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Publication numberUS7460992 B2
Publication typeGrant
Application numberUS 11/435,254
Publication dateDec 2, 2008
Filing dateMay 16, 2006
Priority dateMay 20, 2002
Fee statusPaid
Also published asUS7103540, US7769582, US20030216914, US20060206325, US20080281591
Publication number11435254, 435254, US 7460992 B2, US 7460992B2, US-B2-7460992, US7460992 B2, US7460992B2
InventorsJames G. Droppo, Alejandro Acero, Li Deng
Original AssigneeMicrosoft Corporation
Export CitationBiBTeX, EndNote, RefMan
External Links: USPTO, USPTO Assignment, Espacenet
Method of pattern recognition using noise reduction uncertainty
US 7460992 B2
Abstract
A method and apparatus are provided for using the uncertainty of a noise-removal process during pattern recognition. In particular, noise is removed from a representation of a portion of a noisy signal to produce a representation of a cleaned signal. In the meantime, an uncertainty associated with the noise removal is computed and is used with the representation of the cleaned signal to modify a probability for a phonetic state in the recognition system. In particular embodiments, the uncertainty is used to modify a probability distribution, by increasing the variance in each Gaussian distribution by the amount equal to the estimated variance of the cleaned signal, which is used in decoding the phonetic state sequence in a pattern recognition task.
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Claims(10)
1. A method of recognizing acoustic states from a noisy speech signal, the method comprising:
removing noise from a representation of a portion of the noisy speech signal to produce a representation of a portion of a cleaned speech signal, wherein removing noise from a representation of a portion of a noisy speech signal comprises removing noise from a feature vector representing a frame of the noisy speech signal and wherein removing noise from a feature vector comprises:
identifying a mixture component based on the feature vector for the noisy speech signal;
identifying a correction vector and an error value associated with the correction vector based on the identified mixture component; and
using the correction vector, the error value, and the feature vector for the noisy speech signal to identify a feature vector for a frame of the cleaned speech signal;
identifying an uncertainty associated with removing the noise;
using the uncertainty to adjust a probability distribution associated with an acoustic state to form a modified probability distribution; and
applying the representation of a portion of the cleaned speech signal to the modified probability distribution to decode an acoustic state for speech recognition.
2. The method of claim 1 wherein adjusting a probability distribution comprises adding the uncertainty to a variance of the probability distribution to form the modified probability distribution.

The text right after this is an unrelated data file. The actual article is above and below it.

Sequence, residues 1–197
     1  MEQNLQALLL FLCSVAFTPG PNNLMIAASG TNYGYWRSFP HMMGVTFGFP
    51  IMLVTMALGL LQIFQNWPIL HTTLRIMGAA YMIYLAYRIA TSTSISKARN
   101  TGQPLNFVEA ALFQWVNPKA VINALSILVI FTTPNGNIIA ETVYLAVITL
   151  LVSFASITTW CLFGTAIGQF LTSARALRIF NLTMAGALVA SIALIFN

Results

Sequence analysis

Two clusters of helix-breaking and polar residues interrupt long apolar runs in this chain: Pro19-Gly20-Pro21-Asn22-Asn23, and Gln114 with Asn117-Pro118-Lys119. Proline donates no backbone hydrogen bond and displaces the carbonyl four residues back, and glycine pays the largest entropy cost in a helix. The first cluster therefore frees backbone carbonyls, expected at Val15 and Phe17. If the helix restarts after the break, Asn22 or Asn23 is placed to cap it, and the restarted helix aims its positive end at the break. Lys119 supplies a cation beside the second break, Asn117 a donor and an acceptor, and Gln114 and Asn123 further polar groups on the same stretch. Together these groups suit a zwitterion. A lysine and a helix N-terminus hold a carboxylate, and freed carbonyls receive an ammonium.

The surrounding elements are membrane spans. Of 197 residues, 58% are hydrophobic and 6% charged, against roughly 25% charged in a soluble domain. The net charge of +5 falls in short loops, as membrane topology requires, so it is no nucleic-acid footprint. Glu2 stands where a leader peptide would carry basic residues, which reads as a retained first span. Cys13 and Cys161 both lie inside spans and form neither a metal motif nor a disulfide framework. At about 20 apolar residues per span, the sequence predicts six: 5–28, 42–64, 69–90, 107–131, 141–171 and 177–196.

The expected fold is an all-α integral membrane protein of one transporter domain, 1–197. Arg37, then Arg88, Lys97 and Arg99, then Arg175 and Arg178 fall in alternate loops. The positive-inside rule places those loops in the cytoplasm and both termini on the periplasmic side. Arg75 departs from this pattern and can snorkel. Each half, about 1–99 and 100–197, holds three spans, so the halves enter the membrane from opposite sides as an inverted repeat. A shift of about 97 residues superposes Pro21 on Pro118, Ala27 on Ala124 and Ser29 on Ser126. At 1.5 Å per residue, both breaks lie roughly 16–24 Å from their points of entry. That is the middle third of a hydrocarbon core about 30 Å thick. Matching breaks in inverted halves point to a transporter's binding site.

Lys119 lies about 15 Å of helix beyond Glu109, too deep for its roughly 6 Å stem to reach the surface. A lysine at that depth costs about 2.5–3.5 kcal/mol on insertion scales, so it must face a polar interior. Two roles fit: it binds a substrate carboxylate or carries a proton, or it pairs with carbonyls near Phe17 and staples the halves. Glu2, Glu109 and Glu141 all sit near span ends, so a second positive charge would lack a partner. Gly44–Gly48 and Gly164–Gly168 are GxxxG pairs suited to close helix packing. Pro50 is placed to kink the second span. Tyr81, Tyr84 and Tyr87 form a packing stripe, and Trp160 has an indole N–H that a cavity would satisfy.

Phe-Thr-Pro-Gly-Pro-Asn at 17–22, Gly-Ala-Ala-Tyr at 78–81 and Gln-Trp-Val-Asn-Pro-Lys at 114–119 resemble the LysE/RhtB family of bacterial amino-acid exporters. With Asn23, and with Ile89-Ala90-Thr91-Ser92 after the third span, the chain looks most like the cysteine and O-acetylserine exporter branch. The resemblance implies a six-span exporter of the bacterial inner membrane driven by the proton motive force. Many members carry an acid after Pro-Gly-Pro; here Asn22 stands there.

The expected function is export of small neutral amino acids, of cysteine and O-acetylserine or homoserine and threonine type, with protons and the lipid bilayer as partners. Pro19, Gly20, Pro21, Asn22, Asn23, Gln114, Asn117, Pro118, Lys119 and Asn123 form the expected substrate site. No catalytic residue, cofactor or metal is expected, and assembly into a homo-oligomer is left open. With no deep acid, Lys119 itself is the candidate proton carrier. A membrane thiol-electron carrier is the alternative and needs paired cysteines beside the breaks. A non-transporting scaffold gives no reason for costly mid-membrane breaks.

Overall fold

3. The method of claim 1 wherein the representation of a portion of the noisy speech signal comprises a component of a feature vector representing a frame of the noisy speech signal and wherein the representation of a portion of the cleaned speech signal comprises a component of a feature vector representing a frame of the cleaned speech signal.
4. The method of claim 3 wherein identifying an uncertainty comprises identifying an uncertainty associated with removing noise from the component of the feature vector for the noisy speech signal to form the component of the feature vector for the cleaned signal.
5. The method of claim 4 wherein using the uncertainty to adjust a probability distribution comprises using the uncertainty to adjust a probability distribution associated with the component of the feature vector.
6. The method of claim 1 wherein identifying an uncertainty comprises utilizing the error value associated with the correction vector to determine the uncertainty.
7. A computer-readable medium having computer-executable instructions for performing steps comprising:
converting a frame of a noisy speech signal into a feature vector comprising at least two components;
removing noise from a component of the feature vector for the noisy speech signal to produce a component of a feature vector for a cleaned speech signal, wherein removing noise comprises:
identifying a correction vector based on the feature vector for the noisy speech signal; and
using the correction vector and the feature vector for the noisy speech signal to form the feature vector for the cleaned speech signal;
identifying an uncertainty associated with removing the noise from the component;
determining a probability component of a probability for a phonetic state by applying the component for the cleaned speech signal to a distribution for the phonetic state defined in part by the uncertainty associated with removing the noise from the component by computing a variance for the distribution using the uncertainty as a term in the computation; and
using the probability component to determine the probability of the phonetic state during speech recognition regardless of the value of the uncertainty.
8. The computer-readable medium of claim 7 wherein defining a probability distribution comprises adding the uncertainty to a variance of a probability distribution.
9. The computer-readable medium of claim 7 wherein identifying a correction vector comprises identifying a mixture component based on the feature vector for the noisy speech signal and selecting a correction vector associated with the mixture component.
10. The computer-readable medium of claim 9 wherein identifying an uncertainty comprises:
identifying an error associated with the mixture component; and
utilizing the error to calculate the uncertainty.
Description
REFERENCE TO RELATED APPLICATION